On Sardar Udham…and Jallianwala Bagh, Savarkar, Vajpayee etc….
All the while I was watching ‘Sardar Udham’, especially during those parts where Udham Singh refused to apologise for murdering the bloodthirsty British Governor who ordered the Jallianwala massacre or name anyone from his organisation, I was reminded of Savarkar, the only hero of the independence movement for the sanghis, the man who wrote many an apology to the British, grovelling at their feet, promising to serve the Queen and who was even granted a pension by the British for being a trusted servant. I was also reminded of the 1997 Malayalam film ‘Kalapani’, directed by Priyadarshan, which whitewashed Savarkar, who is now getting fresh coats of whitewashed everyday, from sanghis in the garb of historians to BJP leaders wilfully rewriting history.
It is not really a mystery as to why most of us have not read much about the Communist revolutionary Udham Singh, who took revenge against Dwyer, Punjab’s Lieutenant Governor, who extended all possible support to General Dyer, the man behind the brutal massacre at Jallianwala Bagh. For, that has been the case with the contributions of leftists to India’s freedom struggle, be it the Meerut or Kanpur conspiracy cases, or the Naval mutiny. Bhagat Singh’s case is an exception, but the fact that he was a Communist is cleverly not mentioned much. His organisation Hindustan Socialist Republican Association (HSRA) was mentioned without much of an elaboration.
In the movie, a british officer, tired after interrogating the tight-lipped Udham Singh, is heard saying — “I certainly think he is a committed Marxist. Very ideologically driven. Hasn’t named anyone yet”. This reminded me of the story about Vajpayee’s involvement in the Quit India Struggle, which the Sangh Parivar often talks proudly about. In 1998, Frontline magazine carried an investigative report, which demolished all these claims using his own confessional statement and other court records. The confession statement says that “I along with my brother followed the crowd” and witnessed the event, “I did not cause any damage. I did not render any assistance in demolishing the government building.” Vajpayee says, in effect: I was part of the crowd, but I did not share its objectives and I did not participate in any culpable act. This point is of exceptional importance since the Sangh Parivar still lionises the fighting, if not heroic, role he played in 1942 — a role he explicitly denied then and has denied again, in his January 1998 interview to Frontline.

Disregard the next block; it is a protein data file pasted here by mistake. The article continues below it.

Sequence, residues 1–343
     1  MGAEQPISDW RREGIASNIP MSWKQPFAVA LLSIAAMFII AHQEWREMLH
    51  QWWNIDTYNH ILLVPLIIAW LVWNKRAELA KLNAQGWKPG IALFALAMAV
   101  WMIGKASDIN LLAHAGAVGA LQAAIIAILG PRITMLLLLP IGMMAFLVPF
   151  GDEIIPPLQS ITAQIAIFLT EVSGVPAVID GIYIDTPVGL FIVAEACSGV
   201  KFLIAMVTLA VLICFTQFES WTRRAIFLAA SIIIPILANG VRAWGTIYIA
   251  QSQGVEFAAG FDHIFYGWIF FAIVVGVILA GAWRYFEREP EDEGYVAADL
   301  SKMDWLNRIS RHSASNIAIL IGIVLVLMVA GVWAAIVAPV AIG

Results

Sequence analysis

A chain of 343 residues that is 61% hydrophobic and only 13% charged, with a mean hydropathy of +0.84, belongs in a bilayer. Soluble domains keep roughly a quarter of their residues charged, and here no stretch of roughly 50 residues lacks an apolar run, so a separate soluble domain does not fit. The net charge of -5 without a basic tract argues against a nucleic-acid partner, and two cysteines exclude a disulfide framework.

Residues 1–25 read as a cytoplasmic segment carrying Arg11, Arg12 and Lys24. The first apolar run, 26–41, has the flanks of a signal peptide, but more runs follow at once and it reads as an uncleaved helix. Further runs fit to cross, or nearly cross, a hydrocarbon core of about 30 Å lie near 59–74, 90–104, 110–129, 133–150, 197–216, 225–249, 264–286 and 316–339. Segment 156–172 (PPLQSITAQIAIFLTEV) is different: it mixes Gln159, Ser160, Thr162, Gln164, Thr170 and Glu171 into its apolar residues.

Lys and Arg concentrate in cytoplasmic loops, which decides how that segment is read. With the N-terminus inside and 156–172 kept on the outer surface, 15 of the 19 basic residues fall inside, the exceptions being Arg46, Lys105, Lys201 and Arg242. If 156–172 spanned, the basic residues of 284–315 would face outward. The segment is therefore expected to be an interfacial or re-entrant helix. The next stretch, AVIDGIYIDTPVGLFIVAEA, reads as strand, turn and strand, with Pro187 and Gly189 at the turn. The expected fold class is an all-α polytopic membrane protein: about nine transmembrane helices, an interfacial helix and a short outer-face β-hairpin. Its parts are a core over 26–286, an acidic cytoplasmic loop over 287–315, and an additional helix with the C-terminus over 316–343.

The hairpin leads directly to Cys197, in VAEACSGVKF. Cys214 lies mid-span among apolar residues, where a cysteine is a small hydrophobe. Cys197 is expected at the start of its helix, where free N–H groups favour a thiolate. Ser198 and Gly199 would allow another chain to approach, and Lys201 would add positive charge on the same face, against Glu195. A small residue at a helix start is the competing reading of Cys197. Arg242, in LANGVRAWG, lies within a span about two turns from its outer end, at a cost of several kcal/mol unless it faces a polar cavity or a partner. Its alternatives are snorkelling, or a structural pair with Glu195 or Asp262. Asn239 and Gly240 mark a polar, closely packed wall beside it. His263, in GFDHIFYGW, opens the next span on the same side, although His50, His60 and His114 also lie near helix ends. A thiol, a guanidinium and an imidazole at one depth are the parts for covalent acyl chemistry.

In that statement, Mr Vajpayee also named Liladhar Bajpai alias Kakua as one of those who led the mob that had damaged the building. In an interview, Liladhar Bajpai contended that though the confessional statement signed by Mr Vajpayee was not used as evidence against him in court, it was a major factor in his being sentenced as the Vajpayee brothers were, unlike the rest of their village, educated and hence, considered more dependable in their testimony by the police and the court. Now, compare this with someone like Udham Singh, who stood bravely in the British Court and said — “I do not care about the sentence of death. It means nothing at all. I do not care about dying or anything. I do not worry about it at all. I am dying for a purpose. We are suffering from the British Empire. I am not afraid to die. I am proud to die, to have to free my native land and I hope that when I am gone, I hope that in my place will come thousands of my countrymen to drive you dirty dogs out, to free my country.”
Let us also not forget that the Indians who gathered at Jallianwala Bagh were protesting against the Anarchical and Revolutionary Crimes Act of 1919, popularly known as the Rowlatt Act, which authorised preventive indefinite detention, jailing without trial and judicial review. Not so different from some of the laws and amendments being enacted since 2014, and the plight of the many who are being kept without trial (and institutionally murdered like Stan Swamy). The use of Section 144, preventing assembling of groups of people, before and after the Jallianwala massacre and the severing of all communication after the massacre, also have parallels in the present.
A large number of those who shot at the protesting Indians at Jallianwala Bagh happened to be Indians, a fact which the movie emphasises. There has always been a large, selfish section who would do the bidding or cosy up to those in power for their own benefits, ready to mock or even trample upon those who dare to stand up for the rights of everyone. You could see them then and you can see them now too. But then, there have always been people like Udham Singh, who stood clear on their convictions, even when faced with death. Shoojit Sircar and the team behind ‘Sardhar Udham’ deserve an ovation for making this movie in these times, when the likes of Savarkar are whitewashed and celebrated.
Link to the Frontline story on Vajpayee- https://frontline.thehindu.com/the-nation/article30160890.ece